Our six year old decided that she wanted to cycle to Craigie's Farm on her own bike. It's about 7.5 miles each direction, and moderately hilly - mostly downhill there and mostly uphill back. She's done about 2/3rds of the route before, but not the final push, and she remembered that there was a big hill at the end. But she still wanted to do it. So we loaded up the trailer (for berries and groceries) and the toddler + two childseats, so we could swap him between bikes. Amazingly, for once we didn't need to pack raingear. If you're curious about the route, keep an eye on the innertubemap because I've been asked to blog about it there.
We were planning on having lunch at Craigie's after picking, so I didn't pack any rations beyond a banana, two water bottles, and a couple of danishes that I'd picked up on an early morning farmer's market run. But we wanted to get going quickly, so we didn't stop to eat the danishes, thinking we'd have them en route.
But you know what? Kids are great. She pedalled away valiantly with no complaints or demands for 'breaks'. So we got out to Craigie's in no time at all, climbed the last big hill - and had two hungry kids. As I locked up the bikes, I suggested the kids go sit at the picnic tables provided for dog walkers, and fed them their quick snack before we went off to pay our 'entry fee' to the pick-your-own polytunnels.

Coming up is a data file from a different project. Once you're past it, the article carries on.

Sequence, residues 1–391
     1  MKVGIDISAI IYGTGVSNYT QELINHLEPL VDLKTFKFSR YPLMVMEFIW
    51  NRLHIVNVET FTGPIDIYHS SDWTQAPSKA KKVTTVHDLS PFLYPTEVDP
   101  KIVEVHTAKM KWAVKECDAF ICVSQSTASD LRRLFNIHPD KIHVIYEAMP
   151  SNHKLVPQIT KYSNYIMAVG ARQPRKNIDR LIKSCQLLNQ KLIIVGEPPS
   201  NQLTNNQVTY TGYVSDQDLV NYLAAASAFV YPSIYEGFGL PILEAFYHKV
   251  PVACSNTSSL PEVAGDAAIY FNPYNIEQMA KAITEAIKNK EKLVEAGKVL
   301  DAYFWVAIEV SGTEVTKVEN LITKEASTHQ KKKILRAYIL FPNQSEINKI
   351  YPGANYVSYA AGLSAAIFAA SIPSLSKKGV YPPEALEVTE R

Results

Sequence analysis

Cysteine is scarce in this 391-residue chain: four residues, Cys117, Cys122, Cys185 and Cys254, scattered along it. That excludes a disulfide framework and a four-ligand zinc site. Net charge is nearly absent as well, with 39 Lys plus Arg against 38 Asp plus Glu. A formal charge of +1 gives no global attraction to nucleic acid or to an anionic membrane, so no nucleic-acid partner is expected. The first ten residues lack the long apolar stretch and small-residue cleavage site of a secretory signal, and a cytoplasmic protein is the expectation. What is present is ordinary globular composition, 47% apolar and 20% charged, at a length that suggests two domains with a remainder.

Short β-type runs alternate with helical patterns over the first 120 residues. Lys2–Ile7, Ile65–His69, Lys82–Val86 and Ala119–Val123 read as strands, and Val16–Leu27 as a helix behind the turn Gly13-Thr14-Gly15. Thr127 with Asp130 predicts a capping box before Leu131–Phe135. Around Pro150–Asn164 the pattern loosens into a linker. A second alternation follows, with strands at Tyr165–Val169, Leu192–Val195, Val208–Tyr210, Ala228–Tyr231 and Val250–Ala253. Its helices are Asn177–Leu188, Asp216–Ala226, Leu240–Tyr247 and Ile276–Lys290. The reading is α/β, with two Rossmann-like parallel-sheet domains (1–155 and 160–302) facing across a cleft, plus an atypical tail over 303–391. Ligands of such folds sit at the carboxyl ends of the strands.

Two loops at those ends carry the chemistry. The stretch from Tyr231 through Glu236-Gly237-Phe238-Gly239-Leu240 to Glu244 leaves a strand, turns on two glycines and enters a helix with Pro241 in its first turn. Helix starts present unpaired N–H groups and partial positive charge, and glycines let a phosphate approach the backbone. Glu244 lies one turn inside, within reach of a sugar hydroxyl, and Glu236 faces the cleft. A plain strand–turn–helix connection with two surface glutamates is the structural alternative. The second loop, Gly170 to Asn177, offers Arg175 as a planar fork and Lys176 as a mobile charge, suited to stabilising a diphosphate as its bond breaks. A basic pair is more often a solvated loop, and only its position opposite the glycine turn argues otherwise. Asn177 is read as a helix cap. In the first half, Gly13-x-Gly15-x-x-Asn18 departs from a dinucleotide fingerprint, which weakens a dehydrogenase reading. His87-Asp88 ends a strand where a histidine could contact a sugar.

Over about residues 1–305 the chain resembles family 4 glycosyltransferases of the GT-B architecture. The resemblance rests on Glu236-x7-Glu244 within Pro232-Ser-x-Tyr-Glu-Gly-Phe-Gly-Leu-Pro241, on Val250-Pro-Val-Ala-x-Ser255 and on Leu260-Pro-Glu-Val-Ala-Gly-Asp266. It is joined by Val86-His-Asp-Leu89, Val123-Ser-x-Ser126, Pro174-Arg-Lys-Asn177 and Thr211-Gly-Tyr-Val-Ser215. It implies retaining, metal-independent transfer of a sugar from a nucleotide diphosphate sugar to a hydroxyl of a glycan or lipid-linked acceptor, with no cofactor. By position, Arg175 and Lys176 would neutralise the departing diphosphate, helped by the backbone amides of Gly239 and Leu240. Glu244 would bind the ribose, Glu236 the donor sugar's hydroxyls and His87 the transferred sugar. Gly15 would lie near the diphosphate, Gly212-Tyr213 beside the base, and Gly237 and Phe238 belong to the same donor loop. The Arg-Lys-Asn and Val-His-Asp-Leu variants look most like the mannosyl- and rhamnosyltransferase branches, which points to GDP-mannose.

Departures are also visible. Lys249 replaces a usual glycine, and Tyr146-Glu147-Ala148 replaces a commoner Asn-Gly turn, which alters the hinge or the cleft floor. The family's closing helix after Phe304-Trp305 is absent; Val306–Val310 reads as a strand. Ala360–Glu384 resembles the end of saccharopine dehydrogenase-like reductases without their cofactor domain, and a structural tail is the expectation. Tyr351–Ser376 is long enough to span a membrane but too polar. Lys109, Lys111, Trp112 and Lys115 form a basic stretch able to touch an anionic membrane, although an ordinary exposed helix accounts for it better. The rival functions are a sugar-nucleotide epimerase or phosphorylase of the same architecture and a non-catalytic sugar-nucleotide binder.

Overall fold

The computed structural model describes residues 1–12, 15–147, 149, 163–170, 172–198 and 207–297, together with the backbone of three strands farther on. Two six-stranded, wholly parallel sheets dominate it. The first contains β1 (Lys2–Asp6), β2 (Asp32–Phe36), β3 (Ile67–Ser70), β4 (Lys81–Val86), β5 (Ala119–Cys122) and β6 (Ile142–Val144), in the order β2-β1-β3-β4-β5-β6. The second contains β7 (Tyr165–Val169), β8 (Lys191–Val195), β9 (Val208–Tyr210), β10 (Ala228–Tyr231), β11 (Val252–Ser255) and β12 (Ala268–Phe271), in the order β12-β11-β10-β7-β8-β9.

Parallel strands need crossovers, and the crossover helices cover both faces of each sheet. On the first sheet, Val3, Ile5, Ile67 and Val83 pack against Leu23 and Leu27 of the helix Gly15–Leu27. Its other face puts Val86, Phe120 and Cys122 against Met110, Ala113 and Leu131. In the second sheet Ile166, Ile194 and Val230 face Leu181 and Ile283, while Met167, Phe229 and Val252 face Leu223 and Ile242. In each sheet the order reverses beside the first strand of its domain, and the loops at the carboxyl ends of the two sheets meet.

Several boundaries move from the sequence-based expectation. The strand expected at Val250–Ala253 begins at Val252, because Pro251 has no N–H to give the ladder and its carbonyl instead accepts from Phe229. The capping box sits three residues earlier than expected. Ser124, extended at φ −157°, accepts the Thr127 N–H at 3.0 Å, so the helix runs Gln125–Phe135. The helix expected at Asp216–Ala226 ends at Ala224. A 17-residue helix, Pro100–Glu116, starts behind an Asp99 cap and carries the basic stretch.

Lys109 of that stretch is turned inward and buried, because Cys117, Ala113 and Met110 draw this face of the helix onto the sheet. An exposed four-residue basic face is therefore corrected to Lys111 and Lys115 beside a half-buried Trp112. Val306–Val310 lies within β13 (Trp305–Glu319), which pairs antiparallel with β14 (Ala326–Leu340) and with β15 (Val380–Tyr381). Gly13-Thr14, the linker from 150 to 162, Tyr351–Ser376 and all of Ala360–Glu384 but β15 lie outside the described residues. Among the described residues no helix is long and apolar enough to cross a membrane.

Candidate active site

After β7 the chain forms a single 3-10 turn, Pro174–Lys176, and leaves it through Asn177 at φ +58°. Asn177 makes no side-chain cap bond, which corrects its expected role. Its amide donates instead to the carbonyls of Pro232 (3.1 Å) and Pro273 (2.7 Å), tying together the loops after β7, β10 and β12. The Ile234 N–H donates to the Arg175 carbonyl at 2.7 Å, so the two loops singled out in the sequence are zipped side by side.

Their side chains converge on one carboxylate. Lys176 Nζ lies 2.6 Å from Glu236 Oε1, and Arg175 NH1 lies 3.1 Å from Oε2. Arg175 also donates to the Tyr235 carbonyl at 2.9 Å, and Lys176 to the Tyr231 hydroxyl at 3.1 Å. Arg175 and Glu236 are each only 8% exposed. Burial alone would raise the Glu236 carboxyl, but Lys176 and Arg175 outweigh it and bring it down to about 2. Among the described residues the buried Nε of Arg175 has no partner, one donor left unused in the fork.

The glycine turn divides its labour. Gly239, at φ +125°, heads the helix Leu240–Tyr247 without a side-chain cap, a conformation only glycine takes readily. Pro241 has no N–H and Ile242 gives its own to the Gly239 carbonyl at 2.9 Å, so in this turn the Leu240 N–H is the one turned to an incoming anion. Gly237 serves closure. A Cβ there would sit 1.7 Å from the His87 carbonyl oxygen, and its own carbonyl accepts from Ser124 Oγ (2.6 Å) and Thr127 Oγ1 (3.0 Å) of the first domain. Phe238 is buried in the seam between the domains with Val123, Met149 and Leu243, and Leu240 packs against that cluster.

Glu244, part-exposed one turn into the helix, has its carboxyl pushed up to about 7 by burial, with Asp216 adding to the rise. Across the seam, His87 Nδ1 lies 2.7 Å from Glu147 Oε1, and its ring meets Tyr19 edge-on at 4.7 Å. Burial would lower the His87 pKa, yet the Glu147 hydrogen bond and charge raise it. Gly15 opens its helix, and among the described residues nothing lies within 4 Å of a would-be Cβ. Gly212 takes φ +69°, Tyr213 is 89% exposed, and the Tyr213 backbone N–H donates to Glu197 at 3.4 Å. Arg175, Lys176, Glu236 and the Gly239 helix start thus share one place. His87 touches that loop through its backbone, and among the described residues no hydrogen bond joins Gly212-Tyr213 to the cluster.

We get to Craigie's about once a year. It's a big event for us. We pick lots of fruit, have lunch, and then go home and make jam that we enjoy all year. I may only go about once a year, but I follow them on twitter and facebook, and encourage all our friends to go out there too, whether by car or bike.
So, it was a real downer to have a manager-type come over and tell us off for 'bringing our own food'. I explained that I was just giving the kids a snack, and that we were about to go pick and then have lunch. This cut no ice. Apparently, we were setting a bad example, and should have 'stopped in a farmer's field'. If we'd come by a car, we could have sat in the carpark and stuffed our faces, but then we wouldn't have had a hungry and well exercised 6 year old to feed, would we?
In the end, we decided not to let them spoil our day. We picked berries. We had lunch. We cycled home.
But we spent less in the cafe and shop than we would otherwise have done. I'm hoping the jam won't leave a sour taste in our mouths, but I refuse to let it spoil my pride in my fantastic cycling daughter.